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Canadian mobile-commerce joint venture offloads mobile money service
October 17, 2012 - 4:31pm
EnStream, a Canadian mobile-commerce joint venture that was formed between Bell, Rogers and Telus, recently sold its Zoompass mobile money service to Paymobile, NFC World reports. Officials from the joint venture suggested that there was no need for EnStream to operate its own mobile payment processing service.
Zoompass was first launched in 2009 as a mobile stored-value payment service accompanied by a contactless payment card linked to the same user account, Finextra reports. The service was available for download through the app stores run b y Apple iTunes, Google and BlackBerry. Users could transfer money to other users, withdraw money at ATMs and process transactions online and at participating retail locations. However, EnStream recently announced that Zoompass had outlived its usefulness, prompting the sale to pre-paid and virtual card management company Paymobile.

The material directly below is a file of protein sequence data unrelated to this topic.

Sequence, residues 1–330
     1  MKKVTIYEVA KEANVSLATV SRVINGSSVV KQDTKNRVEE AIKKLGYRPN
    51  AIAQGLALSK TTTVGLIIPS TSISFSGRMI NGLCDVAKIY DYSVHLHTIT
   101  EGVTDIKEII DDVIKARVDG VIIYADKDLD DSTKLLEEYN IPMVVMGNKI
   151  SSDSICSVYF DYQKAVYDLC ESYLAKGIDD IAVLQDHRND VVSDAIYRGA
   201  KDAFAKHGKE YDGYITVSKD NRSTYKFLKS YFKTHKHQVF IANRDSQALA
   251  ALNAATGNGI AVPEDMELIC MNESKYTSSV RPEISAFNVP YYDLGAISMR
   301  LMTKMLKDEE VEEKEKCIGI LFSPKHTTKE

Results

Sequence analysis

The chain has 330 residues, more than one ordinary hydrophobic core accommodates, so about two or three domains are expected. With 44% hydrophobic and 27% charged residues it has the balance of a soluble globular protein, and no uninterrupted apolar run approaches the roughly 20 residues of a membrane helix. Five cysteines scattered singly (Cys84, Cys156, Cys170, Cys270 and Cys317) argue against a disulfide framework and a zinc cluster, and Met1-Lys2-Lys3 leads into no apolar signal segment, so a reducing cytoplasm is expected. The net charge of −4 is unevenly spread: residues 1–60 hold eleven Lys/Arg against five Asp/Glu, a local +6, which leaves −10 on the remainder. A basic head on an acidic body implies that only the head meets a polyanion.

"As the mobile commerce ecosystem has evolved, EnStream's focus has shifted to enabling established credential issuers and carriers to leverage the potential of NFC (near field communication) in mobile handsets," EnStream CEO Almis Ledas told the news source. "The operation of a payment service is no longer required for us to fulfill our mandate."
Part of the reason for the decision to sell the service is that Rogers, Bell and Telus have all undergone recent efforts to negotiate their own agreements with various Canadian banks and operate their own NFC-based mobile payment processing services. The most recent example of this is when Rogers applied for its own banking license in 2011 and entered into a deal with Canadian Imperial Bank of Commerce to release its own 'suretap' service on Blackberry phones, the news source reports.
Meanwhile, Paymobile plans to repackage Zoompass as a white-label mobile commerce app geared toward businesses instead of consumers.
Mobile methods of payment processing have already pervaded nearly every expenditure in our daily lives, from our online shopping binges to our first cup of coffee in the morning. Now, mobile payments are entering an unexpected realm - video games.